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New Robot Jelly Fish Is No Less Creepy Than Real Thing, Much More Helpful

Scientists have been hitting the pool lately. First they were building hive-minded, water-floating robots on behalf of DARPA, and now Virginia Tech’s College of Engineering has created a giant, autonomous robot jelly fish. They’re even jumping into the pool with that thing, which doesn’t sound safe, but hey, more power to ‘em.

Measuring nearly 6 feet in length and weighing in at 170 pounds, Cyro is the big-daddy version of the hand-sized RoboJelly Virginia Tech created last year. Taking its naming inspiration from the lion’s mane jellyfish, Cyanea capillata, this prototype robotic jellyfish has got a squishy “blob of silicone” serving as its gelatinous body, which is then wrapped around a bowl-shaped mechanical system.

If you were lost at sea somewhere and saw Cyro or one of its descendants, you could be forgiven for thinking that your life was about to end in a flurry of poisonous stings. Seeing Cyro, though, would actually be a good thing, as these robots are built for reconnaissance.

The idea is that they imitate the real jellyfish — a ubiquitous animal that uses less energy than other ocean dwellers due to its low metabolic rate and unique way of moving through the ocean — to monitor marine environments, clean oil spills, or conduct military surveillance. Both RoboJelly and Cyro are part of a $5-mil project funded by U.S. Naval Undersea Warfar Center and the Office of Naval Research, which are in the market for self-powered machines that can last for months or years drifting through Earth’s oceans gathering as much intel as possible.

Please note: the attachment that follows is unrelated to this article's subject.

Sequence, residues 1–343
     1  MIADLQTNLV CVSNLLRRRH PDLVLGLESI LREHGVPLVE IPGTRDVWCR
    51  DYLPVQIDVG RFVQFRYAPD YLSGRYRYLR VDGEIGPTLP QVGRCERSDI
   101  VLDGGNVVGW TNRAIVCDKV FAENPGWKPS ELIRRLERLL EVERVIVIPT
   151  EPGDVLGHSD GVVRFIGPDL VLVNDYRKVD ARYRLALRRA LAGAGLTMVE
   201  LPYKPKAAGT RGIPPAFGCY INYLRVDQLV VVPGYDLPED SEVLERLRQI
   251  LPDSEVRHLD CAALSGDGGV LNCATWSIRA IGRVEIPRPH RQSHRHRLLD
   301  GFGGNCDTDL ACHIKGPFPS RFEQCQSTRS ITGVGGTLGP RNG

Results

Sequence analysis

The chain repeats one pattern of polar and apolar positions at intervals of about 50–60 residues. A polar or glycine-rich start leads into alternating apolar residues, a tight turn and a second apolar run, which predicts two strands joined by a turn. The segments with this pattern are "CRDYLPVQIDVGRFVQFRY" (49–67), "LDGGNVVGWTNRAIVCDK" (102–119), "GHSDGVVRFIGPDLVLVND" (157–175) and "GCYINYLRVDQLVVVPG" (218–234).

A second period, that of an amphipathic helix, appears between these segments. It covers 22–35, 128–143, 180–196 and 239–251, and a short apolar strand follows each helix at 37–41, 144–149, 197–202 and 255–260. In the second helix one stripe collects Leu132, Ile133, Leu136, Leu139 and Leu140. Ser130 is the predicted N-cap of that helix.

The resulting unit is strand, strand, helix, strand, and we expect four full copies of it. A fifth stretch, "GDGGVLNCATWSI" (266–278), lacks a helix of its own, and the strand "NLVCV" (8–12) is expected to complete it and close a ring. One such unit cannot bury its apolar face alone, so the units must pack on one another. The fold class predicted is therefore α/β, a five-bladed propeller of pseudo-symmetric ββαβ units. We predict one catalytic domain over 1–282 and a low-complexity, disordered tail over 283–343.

And, I hope, keep an eye out for the rising of Cthulhu so it gives us a fighting chance to be ready.

Alex Villanueva, doctoral student in mechanical engineering, said:

“We hope to improve on this robot and reduce power consumption and improve swimming performance as well as better mimic the morphology of the natural jellyfish. Our hopes for Cyro’s future is that it will help understand how the propulsion mechanism of such animal scales with size.”

This video shows Cyro in action, and Villanueva explains its use:

Virginia Tech: Autonomous Robotic Jellyfish from virginiatech on Vimeo.

Strangely, one seems to be concerned whether future Cyros will confused real marine life. What if a great white sees it and thinks it’ll have an easy meal? Indigestion, I guess, and some weird readings back at the Warfare Center.

(R&D Maga, images courtesy of Vimeo)

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